In both obvious and subtle ways, the culture of the 2000s was primed for the torment of someone like Spears. When I reached out to Junior Olivas, a co-manager of the website FreeBritney.army, he sent back a hopeful email that made it sound like Spears was about to conclude a long prison sentence. “She will be emerging as a free human,” he said, “in a different world now than when she went in.”
One of the biggest differences: The gossip industry was at the height of its powers around the time of Spears’s early controversies. New outlets such as TMZ competed with the likes of People and US Weekly for celeb photos, which the paparazzi obtained by swarming their subjects like lice, and which became fodder for novel snark blogs such as Perez Hilton. Internet culture was mature enough to enable deep scrutiny of famous people but young enough to not have many norms about what sort of prying or commentary was out of bounds. Spears was tracked, dissected, and distorted like no one before her.
The paradigm has shifted since then. While dishy publications are still around, they no longer have quite the primacy they once had—because social media has given stars a platform to commodify their own image without an intermediary. Laws passed in California, where Spears lives, penalize photographers who endanger their subjects or harass their children. Fan armies—such as the one driving the Free Britney movement—can wield a sometimes-shocking amount of influence. “Even if tabloids try to spin some narrative,” Olivas said, “the people and celebrities have more control than they ever had in the past.”
Cultural attitudes regarding mental health have shifted too. In the 2000s, reporters breathlessly announced Spears’s “breakdowns,” and commentators called her “insane.” Such language may well have worsened Spears’s situation and fed into deep-seated stigmas. “Back then, I know people who wouldn’t go for mental-health care unless they could park their car far away, because they didn’t want anyone to see them going in,” Katrina Gay, the chief development officer for the National Alliance on Mental Illness, said. “There was so much shame.”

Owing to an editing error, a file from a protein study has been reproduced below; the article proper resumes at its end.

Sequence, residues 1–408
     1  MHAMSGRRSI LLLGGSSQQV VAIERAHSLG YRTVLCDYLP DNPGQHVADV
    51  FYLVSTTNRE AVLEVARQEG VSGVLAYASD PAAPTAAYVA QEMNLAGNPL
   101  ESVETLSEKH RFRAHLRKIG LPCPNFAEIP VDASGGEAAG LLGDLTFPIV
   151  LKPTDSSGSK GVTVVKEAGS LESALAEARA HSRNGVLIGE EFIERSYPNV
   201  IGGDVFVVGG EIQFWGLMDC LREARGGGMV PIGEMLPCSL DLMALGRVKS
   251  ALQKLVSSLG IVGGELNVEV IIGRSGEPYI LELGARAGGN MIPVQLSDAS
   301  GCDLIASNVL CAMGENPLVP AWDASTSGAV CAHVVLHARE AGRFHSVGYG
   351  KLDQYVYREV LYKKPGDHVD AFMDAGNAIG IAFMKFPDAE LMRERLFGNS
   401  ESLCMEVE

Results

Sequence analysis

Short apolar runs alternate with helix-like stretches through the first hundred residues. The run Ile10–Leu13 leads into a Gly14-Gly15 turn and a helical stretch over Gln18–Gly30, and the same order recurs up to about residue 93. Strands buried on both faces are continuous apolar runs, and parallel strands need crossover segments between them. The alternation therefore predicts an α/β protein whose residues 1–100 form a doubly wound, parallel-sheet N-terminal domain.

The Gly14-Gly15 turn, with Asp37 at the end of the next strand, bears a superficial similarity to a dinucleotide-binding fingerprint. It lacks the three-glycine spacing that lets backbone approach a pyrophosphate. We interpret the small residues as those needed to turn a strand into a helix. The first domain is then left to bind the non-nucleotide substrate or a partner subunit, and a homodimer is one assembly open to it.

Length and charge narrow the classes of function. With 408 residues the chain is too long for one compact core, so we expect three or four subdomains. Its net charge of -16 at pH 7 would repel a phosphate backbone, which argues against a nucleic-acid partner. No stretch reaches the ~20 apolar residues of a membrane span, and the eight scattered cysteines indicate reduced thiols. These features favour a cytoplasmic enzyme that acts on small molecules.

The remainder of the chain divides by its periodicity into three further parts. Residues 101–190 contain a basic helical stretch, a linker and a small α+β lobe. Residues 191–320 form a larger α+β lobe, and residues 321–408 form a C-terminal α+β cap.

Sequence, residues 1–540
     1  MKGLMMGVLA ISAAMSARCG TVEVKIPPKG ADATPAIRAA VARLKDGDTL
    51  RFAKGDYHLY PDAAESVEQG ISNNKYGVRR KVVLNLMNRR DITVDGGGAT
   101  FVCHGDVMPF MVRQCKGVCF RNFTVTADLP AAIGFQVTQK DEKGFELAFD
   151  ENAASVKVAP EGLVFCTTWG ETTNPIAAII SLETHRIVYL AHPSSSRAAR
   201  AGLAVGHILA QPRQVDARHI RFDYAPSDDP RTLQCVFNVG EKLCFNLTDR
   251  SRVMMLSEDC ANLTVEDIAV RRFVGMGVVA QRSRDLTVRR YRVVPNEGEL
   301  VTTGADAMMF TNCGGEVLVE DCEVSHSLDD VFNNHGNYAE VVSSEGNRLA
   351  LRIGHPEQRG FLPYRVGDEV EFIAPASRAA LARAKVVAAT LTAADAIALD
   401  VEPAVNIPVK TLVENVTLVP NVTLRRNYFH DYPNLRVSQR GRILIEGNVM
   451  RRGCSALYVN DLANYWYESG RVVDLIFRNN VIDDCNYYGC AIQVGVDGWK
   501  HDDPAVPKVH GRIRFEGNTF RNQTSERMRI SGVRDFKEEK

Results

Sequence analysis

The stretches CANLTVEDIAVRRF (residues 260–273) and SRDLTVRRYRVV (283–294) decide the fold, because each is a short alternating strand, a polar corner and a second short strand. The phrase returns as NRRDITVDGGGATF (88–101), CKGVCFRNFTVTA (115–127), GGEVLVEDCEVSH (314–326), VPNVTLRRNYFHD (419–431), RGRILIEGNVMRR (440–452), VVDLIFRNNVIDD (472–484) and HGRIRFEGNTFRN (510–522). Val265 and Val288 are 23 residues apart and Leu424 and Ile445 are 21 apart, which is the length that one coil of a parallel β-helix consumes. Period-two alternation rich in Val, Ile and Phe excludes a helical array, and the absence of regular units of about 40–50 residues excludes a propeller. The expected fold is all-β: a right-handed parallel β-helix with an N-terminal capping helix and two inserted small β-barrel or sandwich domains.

Gay identifies a “post-Britney turning point” in public sentiment. Stories like Spears’s, combined with such shocks as the 2014 death of the actor Robin Williams, helped make it safer for celebrities to talk about mental health without being reflexively branded as dangerous or weak. Stars including Lady Gaga and Halsey sing and speak openly about trauma, diagnoses, and treatment. Studies show that the general public has become more okay with discussing mental health and seeking treatment too.
The media have adjusted, and in some cases have collaborated, during this shift. Dan Wakeford, the editor in chief of People, told me in an email that when it comes to covering mental health, these days his magazine seeks to give famous people “the opportunity and safe space to sit down with us and share their personal journey how, and if, they see fit.” Just this week, for example, the magazine hosted a discussion on mental health with the cast of Dear Evan Hansen. The publication’s recent write-ups about stars’ stories of postpartum depression and anxiety are certainly a tonal departure from old cover lines such as “Inside Britney’s Breakdown” and “Britney … Is She a Bad Mom?”